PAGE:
Microsoft began just as small and insignificantly as Apple did. Starting out as a two-man operation out of the backseat of Bill Gates’s car, Gates and cohort Paul Allen saw the MITS Altair and in the span of a month had a BASIC interpreter ready to go for the beastie. The code wasn’t tested until they demonstrated the program for MITS, and Allen’s first time even touching an Altair was when he inputted the code into MITS’ machine. MITS bought the product – the first programming language written specifically for a personal computer – and Allen joined MITS as Director of Software. By July ’75, BASIC 2.0, a Microsoft creation, was running the new, more powerful Altairs. The name “Microsoft” wasn’t chosen until November ’75.

ALLEN: “We would almost always overestimate our competitors’ ability to compete.” GATES: “Or we’d assume that they were going to execute competently.” — from a 1995 interview with Bill Gates and Paul Allen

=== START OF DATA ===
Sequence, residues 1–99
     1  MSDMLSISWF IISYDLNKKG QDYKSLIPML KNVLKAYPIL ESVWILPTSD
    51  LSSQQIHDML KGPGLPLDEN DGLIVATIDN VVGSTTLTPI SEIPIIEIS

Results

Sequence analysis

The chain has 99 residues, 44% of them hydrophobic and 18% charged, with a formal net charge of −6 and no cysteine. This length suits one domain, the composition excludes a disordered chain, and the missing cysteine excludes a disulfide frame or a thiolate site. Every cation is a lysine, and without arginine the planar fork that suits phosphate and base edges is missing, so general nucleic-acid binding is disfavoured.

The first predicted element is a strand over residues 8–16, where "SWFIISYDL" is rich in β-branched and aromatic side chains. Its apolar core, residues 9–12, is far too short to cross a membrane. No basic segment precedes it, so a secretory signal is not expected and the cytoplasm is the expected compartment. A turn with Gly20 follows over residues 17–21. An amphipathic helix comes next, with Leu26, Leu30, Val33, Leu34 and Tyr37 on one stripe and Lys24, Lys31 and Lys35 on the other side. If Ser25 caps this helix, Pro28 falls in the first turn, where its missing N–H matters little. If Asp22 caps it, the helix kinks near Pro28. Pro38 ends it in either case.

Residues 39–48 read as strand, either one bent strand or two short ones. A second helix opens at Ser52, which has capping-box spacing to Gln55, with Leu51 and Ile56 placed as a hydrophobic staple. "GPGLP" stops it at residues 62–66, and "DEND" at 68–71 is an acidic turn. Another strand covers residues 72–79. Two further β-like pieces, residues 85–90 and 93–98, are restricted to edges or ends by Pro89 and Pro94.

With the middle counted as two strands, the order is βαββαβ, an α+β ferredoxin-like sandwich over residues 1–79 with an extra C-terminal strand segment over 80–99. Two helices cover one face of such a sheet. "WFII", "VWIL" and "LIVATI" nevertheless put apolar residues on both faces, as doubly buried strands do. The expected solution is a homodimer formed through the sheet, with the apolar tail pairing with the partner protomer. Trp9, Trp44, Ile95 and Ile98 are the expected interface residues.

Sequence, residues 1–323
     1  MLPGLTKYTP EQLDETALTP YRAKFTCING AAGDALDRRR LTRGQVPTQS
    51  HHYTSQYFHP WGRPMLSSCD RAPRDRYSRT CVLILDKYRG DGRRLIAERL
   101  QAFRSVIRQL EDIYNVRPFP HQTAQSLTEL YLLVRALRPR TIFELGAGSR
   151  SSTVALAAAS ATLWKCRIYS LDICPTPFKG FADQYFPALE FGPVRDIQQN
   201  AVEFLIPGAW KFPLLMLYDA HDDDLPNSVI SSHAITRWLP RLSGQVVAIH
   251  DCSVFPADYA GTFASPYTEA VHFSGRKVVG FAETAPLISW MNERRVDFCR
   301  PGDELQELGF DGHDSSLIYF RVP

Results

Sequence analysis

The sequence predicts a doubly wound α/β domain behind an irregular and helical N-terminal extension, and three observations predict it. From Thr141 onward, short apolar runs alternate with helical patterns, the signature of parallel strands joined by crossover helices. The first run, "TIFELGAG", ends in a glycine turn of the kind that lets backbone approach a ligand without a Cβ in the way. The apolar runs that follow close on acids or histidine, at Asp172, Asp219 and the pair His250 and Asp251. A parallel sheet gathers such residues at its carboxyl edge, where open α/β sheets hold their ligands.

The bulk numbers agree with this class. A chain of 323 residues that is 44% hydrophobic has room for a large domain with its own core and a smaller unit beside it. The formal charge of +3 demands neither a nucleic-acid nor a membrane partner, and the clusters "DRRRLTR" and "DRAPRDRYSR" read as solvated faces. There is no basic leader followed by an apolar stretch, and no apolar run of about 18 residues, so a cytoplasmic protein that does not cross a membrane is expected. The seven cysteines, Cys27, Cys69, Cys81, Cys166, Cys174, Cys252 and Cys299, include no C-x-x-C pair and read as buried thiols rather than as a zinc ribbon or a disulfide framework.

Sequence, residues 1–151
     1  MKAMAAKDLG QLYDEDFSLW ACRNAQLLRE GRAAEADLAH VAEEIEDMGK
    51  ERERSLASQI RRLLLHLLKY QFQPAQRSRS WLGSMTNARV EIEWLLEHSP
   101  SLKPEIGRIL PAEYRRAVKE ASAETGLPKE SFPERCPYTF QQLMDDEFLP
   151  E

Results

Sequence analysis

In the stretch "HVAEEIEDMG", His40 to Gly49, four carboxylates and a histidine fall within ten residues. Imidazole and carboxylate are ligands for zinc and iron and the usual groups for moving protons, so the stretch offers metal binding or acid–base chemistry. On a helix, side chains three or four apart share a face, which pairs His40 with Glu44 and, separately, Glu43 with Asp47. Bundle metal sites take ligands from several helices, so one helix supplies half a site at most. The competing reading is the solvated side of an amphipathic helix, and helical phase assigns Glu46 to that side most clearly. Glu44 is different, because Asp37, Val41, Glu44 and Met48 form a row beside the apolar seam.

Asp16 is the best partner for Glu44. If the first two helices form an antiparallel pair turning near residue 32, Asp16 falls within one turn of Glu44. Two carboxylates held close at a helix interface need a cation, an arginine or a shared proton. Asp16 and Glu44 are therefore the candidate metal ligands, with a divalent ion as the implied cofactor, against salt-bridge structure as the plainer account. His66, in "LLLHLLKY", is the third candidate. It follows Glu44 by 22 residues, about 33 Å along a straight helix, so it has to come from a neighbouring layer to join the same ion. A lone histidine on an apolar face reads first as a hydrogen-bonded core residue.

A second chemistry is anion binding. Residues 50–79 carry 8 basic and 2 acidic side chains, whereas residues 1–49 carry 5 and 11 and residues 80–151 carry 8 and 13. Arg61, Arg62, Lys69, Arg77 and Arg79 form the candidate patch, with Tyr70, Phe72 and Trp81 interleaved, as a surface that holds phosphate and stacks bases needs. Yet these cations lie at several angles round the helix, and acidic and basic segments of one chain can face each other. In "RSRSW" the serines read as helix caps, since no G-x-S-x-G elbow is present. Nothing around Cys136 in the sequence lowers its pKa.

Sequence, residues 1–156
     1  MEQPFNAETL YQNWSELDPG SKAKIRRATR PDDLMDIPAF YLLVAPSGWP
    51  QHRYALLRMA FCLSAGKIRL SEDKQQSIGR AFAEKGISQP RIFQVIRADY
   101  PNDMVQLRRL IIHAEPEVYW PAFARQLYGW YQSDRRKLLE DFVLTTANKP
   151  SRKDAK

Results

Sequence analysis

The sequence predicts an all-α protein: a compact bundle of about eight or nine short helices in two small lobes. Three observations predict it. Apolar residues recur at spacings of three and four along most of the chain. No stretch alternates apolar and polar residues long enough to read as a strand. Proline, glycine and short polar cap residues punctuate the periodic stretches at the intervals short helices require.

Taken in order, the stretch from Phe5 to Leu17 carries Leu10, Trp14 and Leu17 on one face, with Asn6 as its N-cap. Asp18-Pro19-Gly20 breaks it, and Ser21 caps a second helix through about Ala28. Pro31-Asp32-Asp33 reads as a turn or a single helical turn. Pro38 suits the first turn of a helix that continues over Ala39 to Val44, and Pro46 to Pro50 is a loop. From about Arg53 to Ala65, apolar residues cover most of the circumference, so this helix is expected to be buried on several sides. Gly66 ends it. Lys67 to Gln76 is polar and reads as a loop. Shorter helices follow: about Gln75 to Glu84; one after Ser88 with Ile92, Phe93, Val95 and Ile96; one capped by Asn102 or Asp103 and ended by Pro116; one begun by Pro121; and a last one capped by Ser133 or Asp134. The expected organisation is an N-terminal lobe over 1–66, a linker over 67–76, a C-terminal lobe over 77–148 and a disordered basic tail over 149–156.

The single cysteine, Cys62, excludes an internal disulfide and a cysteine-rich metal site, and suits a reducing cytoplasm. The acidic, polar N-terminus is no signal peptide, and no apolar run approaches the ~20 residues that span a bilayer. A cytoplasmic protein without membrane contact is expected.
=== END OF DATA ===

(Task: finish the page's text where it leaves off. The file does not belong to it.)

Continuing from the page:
1977 – Microsoft and Apple Team Up

Allen rejoined Microsoft in time to christen the company’s new offices in Alberquerque. In early 1977 Microsoft licensed “AppleBASIC” to Apple for the flat fee of $21,000, which turned out to be a steal of a deal, as Apple sold over a million computers with AppleBASIC running the show (Wozniak actually wrote the integer BASIC for the early Apples). By the end of 1979, Microsoft had participated in porting both FORTRAN and COBOL languages to microcomputers, moved to Washington State, entered into agreements with ASCII Corporation of Japan, and expanded into Europe. The two-man operation was now employing 40 people and bringing in over $7 million. Microsoft’s congenial association with Apple continued into the 1980s, with Microsoft bestowing the Z-80 SoftCard upon Apple in 1980. The SoftCard allowed the Apple II to run most of the CP/M programs currently featured on most smaller computers.